First off, how do you decide celebrity? I think of Amanda Palmer as a celebrity. After all, she got a record deal, and has a few hit songs. Yet, she chose Kickstarter for next album because she didn’t want to play by the record label rules. And to some, Amanda Palmer is not a celebrity at all.

    Fun fact about me: I had no idea who Zach Braff was until this very moment!

    Just because celebrities make a lot of money does not mean they agree with how their creative works could be potentially fucked with. Amanda Palmer is one of those people, and it could be Zach Braff is as well.

    What Kickstarter does need to do though is provide a balance. We don’t just want Kickstarter to become a place for people of great influence to raise money for their projects, and shut out hundreds of great ideas. While Joe up above is a bit marxist on this matter, he is right that eventually Braff’s ilk will overshadow those who truly have no other options.

    I think a lot of this could be solved with better discovery tools from Kickstarter, and making a point to feature folks who don’t possess such a large audience.

    I will end this comment in the most cliche manner possible: with great power, comes great responsibility!

    • Hey Holden:

      Completely agree on your stance. This post was mostly for all the controversy everyone put around Braff’s campaign. Yes, too much celebrity status can begin to dilute the pool of projects offered in a crowdfunding campaign. But ultimately, it’s the general public which decides who gets the funding. All Kickstarter can do is post it to there page.

  3. I don’t think anyone is really suggesting Kickstarter implement draconian measures and pick and choose who can be eligible for funding. I think what people are saying is are we going to allow it, will we continue to blindly shovel money into the hands of those who have plenty already. If we come to a consensus and agree that it’s uncool to scrounge for kickstarter funds when you have a shit ton of your own money sitting in the bank, it will deter the people who are only using the service to take advantage of this large scale exchange of wealth to leave it to the people who genuinely need it. The biggest problem in creating a better economy and general better society is the lack of opportunity. If we keep saying its ok for people like Zach Braff to move in on those opportunities we are just going to keep this spiral to where only the rich keep getting richer. As a society we need to start recognizing this and making it unacceptable for someone with Braff’s means to move into an area meant to better people that are lacking opportunity and means. But the cats already out of the bag, since in general we are a bunch of zombies who could care less, big business is just a step away from figuring out they can steal even more of your money before they even build the product. Then the most influential will easily push out anyone with a modest internet presence and the cycle continues.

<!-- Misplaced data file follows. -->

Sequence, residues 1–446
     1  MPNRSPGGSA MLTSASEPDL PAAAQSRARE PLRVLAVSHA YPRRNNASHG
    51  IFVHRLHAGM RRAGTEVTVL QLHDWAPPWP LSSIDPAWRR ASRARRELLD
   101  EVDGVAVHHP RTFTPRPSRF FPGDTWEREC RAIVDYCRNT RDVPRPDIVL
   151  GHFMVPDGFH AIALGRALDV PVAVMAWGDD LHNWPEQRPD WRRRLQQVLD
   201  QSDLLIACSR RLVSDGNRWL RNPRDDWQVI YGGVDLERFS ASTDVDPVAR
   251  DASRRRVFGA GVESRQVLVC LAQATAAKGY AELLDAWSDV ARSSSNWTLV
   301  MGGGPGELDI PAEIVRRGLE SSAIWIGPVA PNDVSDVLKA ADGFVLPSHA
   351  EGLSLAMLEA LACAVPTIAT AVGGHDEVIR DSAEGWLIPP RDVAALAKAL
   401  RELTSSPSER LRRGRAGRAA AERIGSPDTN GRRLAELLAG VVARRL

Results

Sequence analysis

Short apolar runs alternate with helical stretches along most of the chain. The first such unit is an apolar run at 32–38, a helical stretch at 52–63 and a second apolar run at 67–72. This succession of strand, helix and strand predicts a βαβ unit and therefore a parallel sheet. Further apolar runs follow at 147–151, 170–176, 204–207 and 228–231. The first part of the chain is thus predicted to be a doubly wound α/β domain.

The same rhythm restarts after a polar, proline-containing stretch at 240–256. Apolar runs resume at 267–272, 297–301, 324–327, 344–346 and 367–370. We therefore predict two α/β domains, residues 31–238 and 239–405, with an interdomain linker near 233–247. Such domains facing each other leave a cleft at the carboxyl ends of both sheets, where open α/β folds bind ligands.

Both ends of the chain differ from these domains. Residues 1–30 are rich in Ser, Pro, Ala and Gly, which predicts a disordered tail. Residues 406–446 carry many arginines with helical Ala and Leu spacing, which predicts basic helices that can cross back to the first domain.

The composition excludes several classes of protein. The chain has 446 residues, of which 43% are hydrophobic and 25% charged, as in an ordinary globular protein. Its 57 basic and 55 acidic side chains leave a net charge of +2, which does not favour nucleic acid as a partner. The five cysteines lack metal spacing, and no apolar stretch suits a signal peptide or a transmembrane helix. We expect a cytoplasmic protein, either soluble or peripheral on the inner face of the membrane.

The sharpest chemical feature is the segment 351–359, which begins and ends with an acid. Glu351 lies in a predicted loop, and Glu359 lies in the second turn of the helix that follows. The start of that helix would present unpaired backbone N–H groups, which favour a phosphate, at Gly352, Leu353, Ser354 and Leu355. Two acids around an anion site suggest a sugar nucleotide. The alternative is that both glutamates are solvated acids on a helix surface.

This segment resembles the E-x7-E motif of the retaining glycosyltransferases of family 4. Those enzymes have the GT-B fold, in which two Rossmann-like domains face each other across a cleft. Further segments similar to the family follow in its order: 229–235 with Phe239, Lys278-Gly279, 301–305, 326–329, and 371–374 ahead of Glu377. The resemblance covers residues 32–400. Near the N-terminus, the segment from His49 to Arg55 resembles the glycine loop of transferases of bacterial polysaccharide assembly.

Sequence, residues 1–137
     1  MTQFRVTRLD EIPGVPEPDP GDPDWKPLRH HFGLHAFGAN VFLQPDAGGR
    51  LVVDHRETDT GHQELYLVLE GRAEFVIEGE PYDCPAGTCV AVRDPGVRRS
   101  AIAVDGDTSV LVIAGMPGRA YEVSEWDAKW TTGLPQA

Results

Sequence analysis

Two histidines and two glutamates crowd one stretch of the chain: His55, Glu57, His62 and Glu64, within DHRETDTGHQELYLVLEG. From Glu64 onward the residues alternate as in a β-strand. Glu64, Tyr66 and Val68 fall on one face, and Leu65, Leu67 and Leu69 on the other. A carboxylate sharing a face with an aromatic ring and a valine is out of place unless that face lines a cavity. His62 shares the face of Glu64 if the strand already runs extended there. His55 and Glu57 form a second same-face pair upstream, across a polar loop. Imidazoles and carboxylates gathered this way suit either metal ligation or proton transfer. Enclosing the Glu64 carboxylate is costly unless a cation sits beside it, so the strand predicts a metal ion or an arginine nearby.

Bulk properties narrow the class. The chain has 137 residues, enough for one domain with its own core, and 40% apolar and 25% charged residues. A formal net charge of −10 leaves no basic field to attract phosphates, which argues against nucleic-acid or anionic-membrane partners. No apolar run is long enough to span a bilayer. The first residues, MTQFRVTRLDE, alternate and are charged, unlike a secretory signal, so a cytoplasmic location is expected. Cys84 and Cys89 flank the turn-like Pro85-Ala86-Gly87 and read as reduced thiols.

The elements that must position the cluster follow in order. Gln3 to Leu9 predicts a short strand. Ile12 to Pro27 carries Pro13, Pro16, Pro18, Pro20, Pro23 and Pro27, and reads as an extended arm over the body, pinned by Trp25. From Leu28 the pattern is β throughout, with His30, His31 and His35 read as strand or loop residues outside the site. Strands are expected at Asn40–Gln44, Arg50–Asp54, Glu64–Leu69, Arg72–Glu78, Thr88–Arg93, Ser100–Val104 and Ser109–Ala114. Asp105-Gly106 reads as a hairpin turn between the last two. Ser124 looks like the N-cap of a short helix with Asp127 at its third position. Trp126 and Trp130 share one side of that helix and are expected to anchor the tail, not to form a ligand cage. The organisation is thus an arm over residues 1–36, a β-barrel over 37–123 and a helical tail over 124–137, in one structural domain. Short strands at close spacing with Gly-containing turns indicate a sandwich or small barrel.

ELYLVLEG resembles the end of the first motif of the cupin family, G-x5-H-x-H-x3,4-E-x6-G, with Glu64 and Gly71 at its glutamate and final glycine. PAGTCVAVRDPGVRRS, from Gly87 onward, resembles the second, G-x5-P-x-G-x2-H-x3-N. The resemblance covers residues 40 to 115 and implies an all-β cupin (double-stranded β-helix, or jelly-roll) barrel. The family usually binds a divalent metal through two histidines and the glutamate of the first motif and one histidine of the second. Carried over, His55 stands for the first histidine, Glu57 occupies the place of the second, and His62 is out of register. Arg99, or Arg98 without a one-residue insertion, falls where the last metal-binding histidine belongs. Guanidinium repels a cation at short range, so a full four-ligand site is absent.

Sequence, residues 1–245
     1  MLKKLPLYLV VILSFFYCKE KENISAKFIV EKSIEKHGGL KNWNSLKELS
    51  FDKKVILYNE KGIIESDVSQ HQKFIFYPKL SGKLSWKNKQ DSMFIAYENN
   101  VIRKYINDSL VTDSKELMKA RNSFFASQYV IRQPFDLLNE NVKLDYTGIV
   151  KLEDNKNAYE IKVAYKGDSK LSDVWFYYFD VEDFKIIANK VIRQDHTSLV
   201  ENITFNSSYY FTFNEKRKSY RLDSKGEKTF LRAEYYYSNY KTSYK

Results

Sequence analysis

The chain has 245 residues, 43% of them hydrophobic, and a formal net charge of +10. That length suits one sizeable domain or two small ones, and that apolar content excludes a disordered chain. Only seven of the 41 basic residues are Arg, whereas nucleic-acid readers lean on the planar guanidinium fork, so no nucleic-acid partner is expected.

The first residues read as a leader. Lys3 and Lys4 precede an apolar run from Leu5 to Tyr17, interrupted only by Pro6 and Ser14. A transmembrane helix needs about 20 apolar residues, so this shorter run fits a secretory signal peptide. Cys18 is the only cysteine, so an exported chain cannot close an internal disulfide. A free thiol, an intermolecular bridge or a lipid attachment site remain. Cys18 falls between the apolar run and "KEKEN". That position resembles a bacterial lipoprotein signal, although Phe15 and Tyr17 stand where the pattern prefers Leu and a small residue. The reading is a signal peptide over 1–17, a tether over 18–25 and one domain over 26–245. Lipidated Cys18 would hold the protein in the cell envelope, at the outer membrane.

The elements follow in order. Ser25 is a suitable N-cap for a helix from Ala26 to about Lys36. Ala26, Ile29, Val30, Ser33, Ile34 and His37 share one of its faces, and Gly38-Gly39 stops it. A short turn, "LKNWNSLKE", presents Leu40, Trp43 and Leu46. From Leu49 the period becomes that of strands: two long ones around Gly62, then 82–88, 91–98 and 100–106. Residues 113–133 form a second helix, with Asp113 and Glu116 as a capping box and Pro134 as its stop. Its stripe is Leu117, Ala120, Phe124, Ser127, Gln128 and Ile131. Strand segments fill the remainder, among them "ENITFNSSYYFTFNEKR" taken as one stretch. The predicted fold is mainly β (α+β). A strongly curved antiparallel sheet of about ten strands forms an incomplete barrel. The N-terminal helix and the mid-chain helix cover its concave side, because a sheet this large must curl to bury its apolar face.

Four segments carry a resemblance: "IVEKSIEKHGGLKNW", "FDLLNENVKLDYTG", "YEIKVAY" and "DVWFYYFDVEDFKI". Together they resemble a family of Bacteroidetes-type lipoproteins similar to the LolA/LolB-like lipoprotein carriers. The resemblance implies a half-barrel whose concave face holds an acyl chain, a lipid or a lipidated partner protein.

• I think that’s why these other platforms are in place and taking shape. When you talk about people getting money before they make something, there is a crowdfunding platform that touches on that concern called Christie Street which withholds funds until companies have met certain production goals.

      Also, saying celebrities cannot/should not use a service is an unfair precedent that could lead to more restrictions to an otherwise open platform. How do you know someone who posts a project and doesn’t have ‘celebrity status’ doesn’t have a bunch of money in the bank? You simply don’t. I understand the pessimism, but that leads to more conservative stances rather than optimism which leads to progress.

Leave a Reply

Fill in your details below or click an icon to log in:

WordPress.com Logo

You are commenting using your WordPress.com account. Log Out / Change )

Twitter picture

You are commenting using your Twitter account. Log Out / Change )

Facebook photo

You are commenting using your Facebook account. Log Out / Change )

Google+ photo

You are commenting using your Google+ account. Log Out / Change )

Connecting to %s